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High-intensity Exercise Improves HDL and Fasting Glucose Levels in Metabolic Syndrome

Michael O'Riordan

Rome, Italy - Results from a small Norwegian study presented last week at the International Symposium on Atherosclerosis suggest that high-intensity exercise consisting of interval training, rather than aerobic exercise, is better at reversing components of the metabolic syndrome.

Investigators, led by Dr Arnt Tjonna (Norwegian University of Science and Technology, Trondheim, Norway), showed that among patients with the metabolic syndrome, those randomized to a high-intensity exercise program had significantly improved HDL-cholesterol levels, whereas those performing aerobic exercise did not, and there was a greater improvement in fasting glucose levels when compared with those undergoing a moderate-exercise training program.

Patients in the interval-training arm underwent a program that involved 4x4 minute intervals at 90% to 95% maximal heart rate, separated by three minutes of active recovery, three times per week for 16 weeks. Those in the moderate-training treatment arm worked continuously for 40 minutes at 70% maximal heart rate three times per week for 16 weeks. A control arm simply followed recommendations from their doctor. There were 29 patients in the study in total.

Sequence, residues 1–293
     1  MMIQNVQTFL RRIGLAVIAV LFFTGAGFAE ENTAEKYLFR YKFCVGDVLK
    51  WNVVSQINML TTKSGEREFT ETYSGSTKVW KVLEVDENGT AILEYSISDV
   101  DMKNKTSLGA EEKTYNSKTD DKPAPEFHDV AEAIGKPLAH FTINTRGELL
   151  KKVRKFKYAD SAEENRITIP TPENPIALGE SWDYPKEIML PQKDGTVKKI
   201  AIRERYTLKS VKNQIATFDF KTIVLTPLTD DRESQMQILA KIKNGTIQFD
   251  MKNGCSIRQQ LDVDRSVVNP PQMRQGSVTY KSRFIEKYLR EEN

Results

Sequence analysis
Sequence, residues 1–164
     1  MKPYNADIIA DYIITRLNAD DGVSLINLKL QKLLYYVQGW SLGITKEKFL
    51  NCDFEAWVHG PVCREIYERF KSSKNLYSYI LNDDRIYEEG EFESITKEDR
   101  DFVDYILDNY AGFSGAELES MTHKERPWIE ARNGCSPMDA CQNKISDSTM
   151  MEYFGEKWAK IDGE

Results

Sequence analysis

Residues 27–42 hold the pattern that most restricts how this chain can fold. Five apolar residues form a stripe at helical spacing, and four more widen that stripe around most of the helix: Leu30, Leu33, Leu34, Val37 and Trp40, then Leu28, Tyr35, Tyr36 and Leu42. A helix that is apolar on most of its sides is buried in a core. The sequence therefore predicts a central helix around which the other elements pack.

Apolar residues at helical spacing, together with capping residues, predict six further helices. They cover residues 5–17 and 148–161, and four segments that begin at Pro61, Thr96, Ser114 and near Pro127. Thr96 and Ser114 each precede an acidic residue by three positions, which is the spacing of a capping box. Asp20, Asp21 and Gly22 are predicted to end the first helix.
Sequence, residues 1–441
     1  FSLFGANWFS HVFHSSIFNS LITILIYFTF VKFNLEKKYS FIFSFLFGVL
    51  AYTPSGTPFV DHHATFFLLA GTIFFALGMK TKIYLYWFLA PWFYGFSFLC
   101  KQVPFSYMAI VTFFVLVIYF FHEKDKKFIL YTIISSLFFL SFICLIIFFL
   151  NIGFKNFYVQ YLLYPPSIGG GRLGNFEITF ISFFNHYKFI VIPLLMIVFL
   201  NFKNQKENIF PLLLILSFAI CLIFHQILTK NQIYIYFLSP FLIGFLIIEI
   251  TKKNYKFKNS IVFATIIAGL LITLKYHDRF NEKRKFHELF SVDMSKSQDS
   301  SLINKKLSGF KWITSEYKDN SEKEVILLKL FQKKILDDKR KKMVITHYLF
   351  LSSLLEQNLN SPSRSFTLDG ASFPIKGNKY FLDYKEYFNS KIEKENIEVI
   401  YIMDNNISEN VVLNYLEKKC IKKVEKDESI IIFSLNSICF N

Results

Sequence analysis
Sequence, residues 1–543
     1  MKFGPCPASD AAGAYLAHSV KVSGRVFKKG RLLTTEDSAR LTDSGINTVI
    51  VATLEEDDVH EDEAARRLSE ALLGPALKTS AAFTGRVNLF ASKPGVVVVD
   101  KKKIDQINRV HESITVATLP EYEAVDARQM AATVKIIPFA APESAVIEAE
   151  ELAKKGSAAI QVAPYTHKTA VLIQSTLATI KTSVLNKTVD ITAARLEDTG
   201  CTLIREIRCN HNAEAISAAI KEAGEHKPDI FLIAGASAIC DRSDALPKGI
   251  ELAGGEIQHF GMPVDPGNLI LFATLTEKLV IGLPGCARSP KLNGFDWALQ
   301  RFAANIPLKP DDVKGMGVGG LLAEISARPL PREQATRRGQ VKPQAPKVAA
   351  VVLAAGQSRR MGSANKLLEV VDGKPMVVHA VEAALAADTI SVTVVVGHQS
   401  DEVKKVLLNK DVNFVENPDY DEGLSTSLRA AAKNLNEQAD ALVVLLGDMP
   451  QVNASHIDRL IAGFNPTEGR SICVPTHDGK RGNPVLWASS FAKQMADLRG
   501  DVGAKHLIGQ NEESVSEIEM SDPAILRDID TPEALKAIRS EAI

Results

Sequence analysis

In both active-treatment arms, systolic and diastolic blood pressure was significantly decreased, but only interval training significantly increased HDL cholesterol and reduced fasting plasma glucose. Weight decreased in both treatment arms, although there were greater reductions among those undergoing moderate training. There was a trend toward reducing body-mass index among those performing interval training.

"Moreover, when we retested the patients at the end of the 16-week study, of those who underwent the interval-training program, nearly half had trained themselves out of the metabolic syndrome, whereas just 37% of patients in the moderately trained group did so," Tjonna told heartwire. "Also, more patients doing interval training stayed enrolled, which I guess is because they consider moderate training boring or aren't seeing results."

Tjonna noted that patients were in poor shape, with a VO2 max of approximately 35 mL/kg per minute. While metabolic-syndrome patients could perform more intense exercise, he said, clinicians are reluctant to prescribe it. Tjonna added that most clinicians need to determine the overall risk of the patient before recommending such an aggressive training program.


1. Tjonna AE, Rognmo O, Haram PM, et al. Reversing the metabolic syndrome with high-intensity training. 2006 International Symposium on Atherosclerosis; June 21, 2006; Rome, Italy. Poster 369.

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